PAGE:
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The Read & React: king’s quest

The King of the Fourth outdueled King James, but it was a total team effort that put the Celtics over the Cavaliers in one of their best signature wins of the season.

Cleveland Cavaliers v Boston Celtics Photo by Maddie Meyer/Getty Images

Punching back (Keith P. Smith): Last time out the Celtics were the punching bag. Tonight when things didn't go their way, they picked themselves up off the mat and fought back. Several calls didn't go the Celtics way, especially down the stretch, but they played through. And that is a sign of growth and being ready for what the playoffs will bring.

But tonight was about more than just that. One guy, more than any other, has shouldered most of the blame for the team's failure to be better this year: Al Horford. And tonight Horford stepped up big time. He just missed a triple-double with a line of nine points, 10 rebounds and 10 assists. Yet, some still still laugh and rip him for not getting that 10th point and locking up the triple-double. And they would missing the point entirely.

All year it has been "Why doesn't he rebound more?" "Why isn't he inside scoring more?" "Why isn't he tougher?" All of these questions are, to put it quite simply, stupid. To even ask them ignores everything that Horford does do well like handle the ball, pass the ball, push the ball on the break, shoot from the outside, set killer screens and defend at the rim and on pick and roll actions. He's also an incredible communicator on defense who sets the Celtics on most trips.

Those are the things the Celtics signed him for. Sure, they'd take a little more rebounding, but no one from the team has an issue with his effort in that respect. If you expect him to bang inside on both ends, that is on you. That isn't who he is and that isn't who Boston signed. At some point you need to move past the things a guy can't do and start appreciating him for all the things he can do. Otherwise, you're missing one heck of a player and one who really wants to be a Celtic.

Cleveland Cavaliers v Boston Celtics Photo by Maddie Meyer/Getty Images

Five tool player (Jeff Clark):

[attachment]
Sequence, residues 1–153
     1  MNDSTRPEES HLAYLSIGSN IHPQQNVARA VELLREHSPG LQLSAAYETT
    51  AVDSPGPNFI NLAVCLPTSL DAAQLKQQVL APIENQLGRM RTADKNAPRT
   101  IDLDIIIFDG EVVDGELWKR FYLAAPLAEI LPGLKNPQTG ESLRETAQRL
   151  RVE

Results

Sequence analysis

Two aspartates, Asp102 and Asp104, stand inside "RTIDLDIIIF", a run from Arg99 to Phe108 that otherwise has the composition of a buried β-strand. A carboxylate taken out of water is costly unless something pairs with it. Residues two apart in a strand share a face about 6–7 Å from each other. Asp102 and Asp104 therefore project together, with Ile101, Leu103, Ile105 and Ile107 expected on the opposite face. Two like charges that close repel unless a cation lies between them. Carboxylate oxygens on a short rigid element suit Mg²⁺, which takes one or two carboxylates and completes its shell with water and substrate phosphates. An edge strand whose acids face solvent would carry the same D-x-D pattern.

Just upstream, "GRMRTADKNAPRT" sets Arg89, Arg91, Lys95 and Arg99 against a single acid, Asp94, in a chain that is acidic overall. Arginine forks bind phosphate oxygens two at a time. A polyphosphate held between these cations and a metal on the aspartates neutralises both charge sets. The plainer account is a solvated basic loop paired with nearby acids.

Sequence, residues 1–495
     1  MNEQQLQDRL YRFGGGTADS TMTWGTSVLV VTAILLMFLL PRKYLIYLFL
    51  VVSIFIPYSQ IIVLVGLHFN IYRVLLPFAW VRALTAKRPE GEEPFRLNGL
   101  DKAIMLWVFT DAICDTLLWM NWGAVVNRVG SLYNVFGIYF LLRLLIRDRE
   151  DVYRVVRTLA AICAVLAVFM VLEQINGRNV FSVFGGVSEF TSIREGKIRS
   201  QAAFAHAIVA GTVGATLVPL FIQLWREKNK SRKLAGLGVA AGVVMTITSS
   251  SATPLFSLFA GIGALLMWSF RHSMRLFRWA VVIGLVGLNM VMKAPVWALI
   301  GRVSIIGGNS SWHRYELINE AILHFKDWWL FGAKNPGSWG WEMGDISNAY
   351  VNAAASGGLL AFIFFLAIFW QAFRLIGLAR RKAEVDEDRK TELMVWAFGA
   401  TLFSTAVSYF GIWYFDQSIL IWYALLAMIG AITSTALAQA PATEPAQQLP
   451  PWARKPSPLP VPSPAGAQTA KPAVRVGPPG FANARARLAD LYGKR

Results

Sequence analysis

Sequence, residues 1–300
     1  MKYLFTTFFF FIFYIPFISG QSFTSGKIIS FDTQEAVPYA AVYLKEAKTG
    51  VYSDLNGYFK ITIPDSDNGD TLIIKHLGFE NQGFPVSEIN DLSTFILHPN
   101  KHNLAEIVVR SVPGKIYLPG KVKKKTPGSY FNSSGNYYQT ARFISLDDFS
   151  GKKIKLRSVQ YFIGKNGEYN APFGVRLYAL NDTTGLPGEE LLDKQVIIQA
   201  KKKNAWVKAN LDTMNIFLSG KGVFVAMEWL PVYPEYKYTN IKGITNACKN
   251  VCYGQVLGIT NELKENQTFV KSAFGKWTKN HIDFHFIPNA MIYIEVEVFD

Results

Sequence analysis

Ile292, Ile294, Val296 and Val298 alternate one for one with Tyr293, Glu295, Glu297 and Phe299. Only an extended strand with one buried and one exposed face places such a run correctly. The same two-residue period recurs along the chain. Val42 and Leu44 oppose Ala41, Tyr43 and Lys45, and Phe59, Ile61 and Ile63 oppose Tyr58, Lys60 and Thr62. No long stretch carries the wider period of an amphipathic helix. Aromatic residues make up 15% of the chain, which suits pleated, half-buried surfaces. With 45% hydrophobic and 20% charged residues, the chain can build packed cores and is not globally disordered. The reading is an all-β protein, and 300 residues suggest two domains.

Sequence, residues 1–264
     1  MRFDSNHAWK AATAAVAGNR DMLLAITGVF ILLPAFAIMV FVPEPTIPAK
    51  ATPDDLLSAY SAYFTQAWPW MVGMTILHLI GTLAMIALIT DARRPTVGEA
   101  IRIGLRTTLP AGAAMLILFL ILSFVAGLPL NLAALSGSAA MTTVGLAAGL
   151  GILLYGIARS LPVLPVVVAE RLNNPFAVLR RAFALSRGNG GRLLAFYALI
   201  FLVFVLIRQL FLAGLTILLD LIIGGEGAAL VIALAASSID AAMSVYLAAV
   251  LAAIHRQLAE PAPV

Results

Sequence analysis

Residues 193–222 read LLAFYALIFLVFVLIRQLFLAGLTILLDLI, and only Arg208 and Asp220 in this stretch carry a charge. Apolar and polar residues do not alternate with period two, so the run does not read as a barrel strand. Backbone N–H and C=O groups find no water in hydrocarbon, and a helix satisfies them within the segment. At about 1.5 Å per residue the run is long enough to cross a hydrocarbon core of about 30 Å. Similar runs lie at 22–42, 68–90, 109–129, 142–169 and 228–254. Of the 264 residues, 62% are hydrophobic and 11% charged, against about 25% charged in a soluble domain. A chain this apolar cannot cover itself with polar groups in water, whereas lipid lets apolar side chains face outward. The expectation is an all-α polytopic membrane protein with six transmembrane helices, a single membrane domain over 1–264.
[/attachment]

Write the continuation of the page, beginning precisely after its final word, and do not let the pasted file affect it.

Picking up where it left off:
Cleveland Cavaliers v Boston Celtics Photo by Maddie Meyer/Getty Images

D-cisions, d-cisions (Bill Sy): Lost in all the clutch shots the Celtics made down the stretch was the lock down defense they played against the Cavaliers. They’re concerted effort earned them a 99.3 defensive rating for the night. This is a Cleveland offense that ranks third in the league and 110.9 points per game. Boston held them to 99 by keeping them relatively off the free throw line and holding them to 40.7% shooting from the floor.

And then there was the individual defense on LeBron. The tag team of Jae Crowder and Jaylen Brown were fantastic flustering James by staying in front of him and keeping their hands active to force him to pick up his dribble. A lot of LeBron’s buckets came off of busted coverage off the ball or live loose balls.

What I found most interesting was how Stevens committed to switching everything on pick-and-rolls, even if that meant disadvantageous match-ups with smaller guards and slower bigs. Instead of hedging PnR’s and then having to scramble on rotation, Boston would just switch on defense and allow LeBron to go one-on-one.

But by my count, LeBron was only 3-for-8 when he took it to guys like Marcus Smart, Kelly Olynyk, and Amir Johnson. I’ll take those percentages. The Celtics will willingly give up step back threes and contested lay-ups so they can stay home on the surrounding shooters.

But for what it’s worth, I actually thought this was the biggest defensive play of the game:

Isaiah Thomas, rim protector.